Earlier this week, roughly 70 million Americans receiving Social Security also received some good news: the cost-of-living adjustment, or COLA, for 2023 may be the highest increase in 40 years. Moreover, this jump may be the highest that many currently receiving benefits have ever seen.
The estimates are out from the well-respected Senior Citizens League, based on a calculation derived from various factors, including the consumer price index, or CPI. They estimate that Social Security benefits could be increased by as much as 8.7% for 2023.
This is a marked difference from the increase experienced earlier this year of 5.9% and comes at a much-needed time as prices for goods and services continues to rise. Inflation remains high at over 8% for the month of August.
The last time the SSA approved bumps this high was in the late 1970s/early 1980s, as demonstrated by this graph below by CNBC with data from the Social Security Administration.
While it’s good to see an increased likelihood of COLAs being over 8%, there are three major points to consider and factor from a planner’s perspective.
The first is to understand that this is still an estimate. It’s down very slightly from the previous estimate but tracks closer to the real figures that the Social Security Administration will use when determining the final COLA figure in mid-October based on CPI-W figures for the months of July, August, and September.
Between now and then, there are several factors that could change this number, including if inflation tapers off and if the Fed continues its hawkish position, which is expected.
The second variable to watch for is September’s inflation data. If September’s inflation data comes out that we’ve reduced in inflation, that could have an impact on the SSA’s decision when finalizing benefit COLAs for next year.
The next factor to note is to put this new information through the filter of your personal circumstance. Everyone’s financial position is different, and there are variables that impact how much of your Social Security benefit you will take home.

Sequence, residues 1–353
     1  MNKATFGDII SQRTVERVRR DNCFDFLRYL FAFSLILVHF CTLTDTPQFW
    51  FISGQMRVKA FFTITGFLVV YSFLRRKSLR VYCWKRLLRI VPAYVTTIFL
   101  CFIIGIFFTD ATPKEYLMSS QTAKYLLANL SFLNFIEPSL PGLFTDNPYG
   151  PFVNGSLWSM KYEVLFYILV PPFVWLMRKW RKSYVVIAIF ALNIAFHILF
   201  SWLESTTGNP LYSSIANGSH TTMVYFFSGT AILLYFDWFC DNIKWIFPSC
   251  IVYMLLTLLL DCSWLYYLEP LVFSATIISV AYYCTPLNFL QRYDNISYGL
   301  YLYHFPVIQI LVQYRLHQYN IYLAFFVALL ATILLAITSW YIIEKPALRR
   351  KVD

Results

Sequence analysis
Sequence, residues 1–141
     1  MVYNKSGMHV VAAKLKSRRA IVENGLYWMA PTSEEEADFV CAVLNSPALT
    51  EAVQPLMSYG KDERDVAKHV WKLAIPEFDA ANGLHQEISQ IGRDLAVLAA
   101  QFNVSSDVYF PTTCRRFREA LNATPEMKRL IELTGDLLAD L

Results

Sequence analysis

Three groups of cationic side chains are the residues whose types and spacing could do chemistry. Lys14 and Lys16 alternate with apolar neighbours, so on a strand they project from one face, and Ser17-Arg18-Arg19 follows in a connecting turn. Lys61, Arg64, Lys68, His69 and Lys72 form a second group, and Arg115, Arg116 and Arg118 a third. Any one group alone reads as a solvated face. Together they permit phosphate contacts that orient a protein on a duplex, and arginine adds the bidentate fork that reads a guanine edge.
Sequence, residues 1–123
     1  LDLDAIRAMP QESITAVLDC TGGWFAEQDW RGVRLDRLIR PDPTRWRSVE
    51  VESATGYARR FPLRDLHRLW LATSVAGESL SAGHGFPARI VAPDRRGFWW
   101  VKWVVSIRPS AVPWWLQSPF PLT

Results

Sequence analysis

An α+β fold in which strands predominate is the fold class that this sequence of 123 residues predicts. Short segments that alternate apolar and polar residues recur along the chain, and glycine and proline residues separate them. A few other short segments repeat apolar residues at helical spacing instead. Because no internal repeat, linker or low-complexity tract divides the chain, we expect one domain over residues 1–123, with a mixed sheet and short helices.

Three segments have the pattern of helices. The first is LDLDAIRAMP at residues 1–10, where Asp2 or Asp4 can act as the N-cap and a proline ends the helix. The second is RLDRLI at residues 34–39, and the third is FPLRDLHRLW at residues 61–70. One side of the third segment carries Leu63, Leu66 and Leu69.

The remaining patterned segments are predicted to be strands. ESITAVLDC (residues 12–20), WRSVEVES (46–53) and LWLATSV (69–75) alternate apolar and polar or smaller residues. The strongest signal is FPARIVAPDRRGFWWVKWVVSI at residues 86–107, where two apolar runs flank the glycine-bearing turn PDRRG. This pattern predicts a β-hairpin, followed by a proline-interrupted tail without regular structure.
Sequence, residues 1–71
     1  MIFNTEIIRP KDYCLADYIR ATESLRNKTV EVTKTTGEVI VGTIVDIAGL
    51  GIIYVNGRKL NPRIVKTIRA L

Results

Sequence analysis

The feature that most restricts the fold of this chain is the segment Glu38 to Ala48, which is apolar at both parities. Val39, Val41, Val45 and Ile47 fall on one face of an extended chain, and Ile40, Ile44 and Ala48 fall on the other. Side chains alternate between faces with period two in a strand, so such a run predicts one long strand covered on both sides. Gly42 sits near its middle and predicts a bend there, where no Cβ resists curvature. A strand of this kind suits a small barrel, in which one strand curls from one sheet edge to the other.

Many federal employees take Medicare Part B as well as FEHB (or Tricare), and if you do, you know that the Part B premium impacts your Social Security paycheck. While the Medicare offices project that premiums will be similar for 2023, if there is an increase in the premium rates, the Social Security increase will be less impactful. We will receive more information on those changes in November.
Retirees also should remember that Social Security is taxed for most people, especially if you live in an expensive area. Your taxable income has to be relatively low in order to not have these benefits taxed. If you’re making withdrawals from your traditional retirement accounts (TSP, IRAs, 401k, 403b, etc.) to support your current lifestyle, those dollars are counting towards your taxable income and forcing most of your Social Security benefits to be taxed, as explained below.
Good tax-planning combined with well-planned distribution strategies can be a major factor in helping reduce not only direct taxes, but also in helping your Social Security benefits be as minimally taxed as possible.
Individual filers with combined income:
- between $25,000 and $34,000, you may have to pay income tax on up to 50 percent of your benefits.
- more than $34,000, up to 85 percent of your benefits may be taxable.
Joint filers with combined income:
- between $32,000 and $44,000, you may have to pay income tax on up to 50 percent of your benefits.
- more than $44,000, up to 85 percent of your benefits may be taxable.
As planners, we’ll be paying close attention to what’s happening downtown and the various economic indicators as we approach the significant months of October and November. With new information readily incoming to stack on the unrelenting inflation, it’s a great time to revisit your plan and ensure you’ve made appropriate considerations for next year.